The question remains: Does purchasing counterfeit goods actually hurt anybody? Well, it turns out counterfeit goods are often intertwined with more illicit crimes.

According to a fact sheet published by the United Nations Office on Drugs and Crime, the business of counterfeit goods has been linked to illicit drugs, corruption, and money laundering.
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According to a fact sheet published by the United Nations Office on Drugs and Crime, the business of counterfeit goods has been linked to illicit drugs, corruption, and money laundering.

In fact, the Organization for Economic Cooperation and Development, estimated that imported fake goods around the world were worth $461 billion (in 2013).

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Footwear is the most copied type of item, but medicine, auto parts and electronics are also commonly counterfeited.

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And, once again, the money used to purchase these fake goods can be used to support criminal activity.

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A counterfeit investigator also said during a TED Talk that there's also a significant link between the purchasing of counterfeit goods and terrorism.

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And what about when big-name fast fashion retailers copy designs?

Forever 21 has faced numerous lawsuits from big names like GUCCI, Diane von Fürstenberg, Puma, and Adidas for selling eerily similar designs.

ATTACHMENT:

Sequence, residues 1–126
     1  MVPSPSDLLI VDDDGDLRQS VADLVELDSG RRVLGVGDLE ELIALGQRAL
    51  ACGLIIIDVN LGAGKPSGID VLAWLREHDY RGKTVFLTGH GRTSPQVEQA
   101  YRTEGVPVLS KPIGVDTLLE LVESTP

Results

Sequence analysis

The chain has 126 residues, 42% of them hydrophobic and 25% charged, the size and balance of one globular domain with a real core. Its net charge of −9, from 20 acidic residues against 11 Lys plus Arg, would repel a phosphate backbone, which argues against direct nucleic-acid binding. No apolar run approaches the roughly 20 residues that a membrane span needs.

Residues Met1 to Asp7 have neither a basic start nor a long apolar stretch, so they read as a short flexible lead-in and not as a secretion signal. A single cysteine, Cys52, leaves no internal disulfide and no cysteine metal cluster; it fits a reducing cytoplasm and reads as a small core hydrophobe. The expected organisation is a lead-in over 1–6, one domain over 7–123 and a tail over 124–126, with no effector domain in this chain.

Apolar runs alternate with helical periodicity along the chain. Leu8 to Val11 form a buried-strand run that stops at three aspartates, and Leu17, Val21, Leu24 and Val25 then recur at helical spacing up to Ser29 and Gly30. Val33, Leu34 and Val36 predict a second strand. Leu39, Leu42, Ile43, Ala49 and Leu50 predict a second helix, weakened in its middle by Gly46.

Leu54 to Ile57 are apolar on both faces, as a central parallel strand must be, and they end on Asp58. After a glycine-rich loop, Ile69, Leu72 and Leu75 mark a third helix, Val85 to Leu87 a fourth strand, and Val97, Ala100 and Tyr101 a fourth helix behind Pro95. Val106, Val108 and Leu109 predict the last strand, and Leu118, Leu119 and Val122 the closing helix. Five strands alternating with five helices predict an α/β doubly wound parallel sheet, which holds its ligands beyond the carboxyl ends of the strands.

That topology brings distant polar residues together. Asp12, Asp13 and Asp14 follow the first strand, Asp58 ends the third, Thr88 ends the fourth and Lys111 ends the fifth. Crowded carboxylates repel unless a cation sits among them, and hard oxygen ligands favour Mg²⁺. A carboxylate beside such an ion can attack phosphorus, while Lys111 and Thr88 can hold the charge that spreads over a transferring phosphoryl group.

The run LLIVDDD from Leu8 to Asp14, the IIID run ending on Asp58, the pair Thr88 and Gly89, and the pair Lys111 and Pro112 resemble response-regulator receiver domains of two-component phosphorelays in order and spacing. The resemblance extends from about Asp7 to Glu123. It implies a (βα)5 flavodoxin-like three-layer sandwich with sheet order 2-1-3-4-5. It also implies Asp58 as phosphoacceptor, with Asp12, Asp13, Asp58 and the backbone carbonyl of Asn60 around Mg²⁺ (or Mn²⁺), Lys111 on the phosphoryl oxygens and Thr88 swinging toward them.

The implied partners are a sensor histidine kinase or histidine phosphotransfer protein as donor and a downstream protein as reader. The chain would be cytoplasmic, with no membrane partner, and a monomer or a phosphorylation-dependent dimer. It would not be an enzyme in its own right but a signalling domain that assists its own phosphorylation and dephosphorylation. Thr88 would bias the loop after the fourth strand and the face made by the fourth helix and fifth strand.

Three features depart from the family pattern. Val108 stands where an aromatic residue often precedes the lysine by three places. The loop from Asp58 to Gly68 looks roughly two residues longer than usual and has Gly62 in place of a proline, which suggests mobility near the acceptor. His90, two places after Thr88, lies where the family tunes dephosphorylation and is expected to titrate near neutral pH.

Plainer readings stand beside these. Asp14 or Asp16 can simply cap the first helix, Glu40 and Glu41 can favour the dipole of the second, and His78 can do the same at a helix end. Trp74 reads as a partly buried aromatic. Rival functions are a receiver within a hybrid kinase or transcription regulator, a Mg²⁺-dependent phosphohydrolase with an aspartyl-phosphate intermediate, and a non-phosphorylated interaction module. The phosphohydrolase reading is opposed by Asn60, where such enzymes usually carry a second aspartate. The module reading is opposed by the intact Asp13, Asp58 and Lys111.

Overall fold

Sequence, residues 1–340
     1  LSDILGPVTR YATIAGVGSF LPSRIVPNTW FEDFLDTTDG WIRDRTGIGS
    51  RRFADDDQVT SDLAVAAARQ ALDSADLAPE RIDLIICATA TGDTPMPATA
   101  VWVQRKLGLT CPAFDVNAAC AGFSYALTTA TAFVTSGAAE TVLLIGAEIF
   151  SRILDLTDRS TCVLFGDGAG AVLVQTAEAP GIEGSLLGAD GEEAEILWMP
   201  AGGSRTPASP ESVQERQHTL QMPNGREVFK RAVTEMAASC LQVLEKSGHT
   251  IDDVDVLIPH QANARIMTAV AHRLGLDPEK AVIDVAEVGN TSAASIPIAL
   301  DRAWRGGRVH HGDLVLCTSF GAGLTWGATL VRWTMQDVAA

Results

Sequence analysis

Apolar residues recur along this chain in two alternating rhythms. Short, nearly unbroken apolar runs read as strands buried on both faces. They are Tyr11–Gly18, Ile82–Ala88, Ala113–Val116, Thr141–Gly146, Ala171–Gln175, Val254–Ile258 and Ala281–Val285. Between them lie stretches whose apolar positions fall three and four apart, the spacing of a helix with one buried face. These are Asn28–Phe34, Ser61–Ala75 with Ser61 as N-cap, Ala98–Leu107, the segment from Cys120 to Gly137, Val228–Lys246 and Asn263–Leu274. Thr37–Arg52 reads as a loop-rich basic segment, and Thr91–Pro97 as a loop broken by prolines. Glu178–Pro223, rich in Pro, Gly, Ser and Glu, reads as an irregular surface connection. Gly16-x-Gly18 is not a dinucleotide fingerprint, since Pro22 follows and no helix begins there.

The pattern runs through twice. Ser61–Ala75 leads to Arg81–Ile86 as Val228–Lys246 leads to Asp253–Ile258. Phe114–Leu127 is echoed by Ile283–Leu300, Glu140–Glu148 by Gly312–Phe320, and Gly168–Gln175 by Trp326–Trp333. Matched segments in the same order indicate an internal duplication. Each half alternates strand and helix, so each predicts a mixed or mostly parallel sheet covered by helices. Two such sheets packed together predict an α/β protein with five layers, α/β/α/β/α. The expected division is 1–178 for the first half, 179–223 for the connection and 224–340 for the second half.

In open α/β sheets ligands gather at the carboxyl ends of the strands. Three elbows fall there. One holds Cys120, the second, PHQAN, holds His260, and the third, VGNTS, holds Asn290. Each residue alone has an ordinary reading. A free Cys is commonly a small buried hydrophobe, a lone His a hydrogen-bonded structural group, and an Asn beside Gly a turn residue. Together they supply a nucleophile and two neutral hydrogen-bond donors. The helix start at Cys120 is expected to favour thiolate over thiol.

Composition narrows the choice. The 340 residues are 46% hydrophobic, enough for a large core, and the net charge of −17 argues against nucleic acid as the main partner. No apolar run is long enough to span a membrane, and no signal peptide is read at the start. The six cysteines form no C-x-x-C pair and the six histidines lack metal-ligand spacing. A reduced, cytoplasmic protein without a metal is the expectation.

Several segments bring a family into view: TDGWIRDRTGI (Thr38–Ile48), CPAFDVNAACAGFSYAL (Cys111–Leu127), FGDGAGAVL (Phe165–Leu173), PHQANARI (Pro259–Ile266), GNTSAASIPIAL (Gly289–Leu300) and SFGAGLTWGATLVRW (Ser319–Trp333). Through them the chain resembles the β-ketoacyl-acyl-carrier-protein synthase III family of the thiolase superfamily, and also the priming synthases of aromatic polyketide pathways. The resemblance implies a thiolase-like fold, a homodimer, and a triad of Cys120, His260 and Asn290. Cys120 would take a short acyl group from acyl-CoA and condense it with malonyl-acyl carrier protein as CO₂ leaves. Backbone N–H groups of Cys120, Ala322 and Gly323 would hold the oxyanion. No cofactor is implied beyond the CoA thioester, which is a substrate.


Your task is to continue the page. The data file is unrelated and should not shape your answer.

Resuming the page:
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Forever 21 has faced numerous lawsuits from big names like GUCCI, Diane von Fürstenberg, Puma, and Adidas for selling eerily similar designs.

It turns out that, by nature, fashion items serve a purpose, making them exempt from copyright laws.

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That's why something that is utilitarian and functional can't be copyrighted.

After all, the basic purpose of clothes is to prevent people from being naked and to keep us warm.
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After all, the basic purpose of clothes is to prevent people from being naked and to keep us warm.

While most people we spoke to thought it was okay to buy copied designs from a big company, they did not feel the same way about a less established artist or brand.

But isn't a creation a creation?
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But isn't a creation a creation?

We don't always look at fashion the same way we do art, although for a lot of people their clothing is an expression of who they are.

That means designers are actually selling their art.
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That means designers are actually selling their art.

No matter where you stand on this issue, it's important to make decisions with your money and your life with a little information.

We recommend doing a little research on what you're buying, who you're buying it from, and where your money will go. Because what we all do has an effect on the world, so maybe we should take that seriously.
BuzzFeed

We recommend doing a little research on what you're buying, who you're buying it from, and where your money will go. Because what we all do has an effect on the world, so maybe we should take that seriously.

You can watch the full video on this discussion here: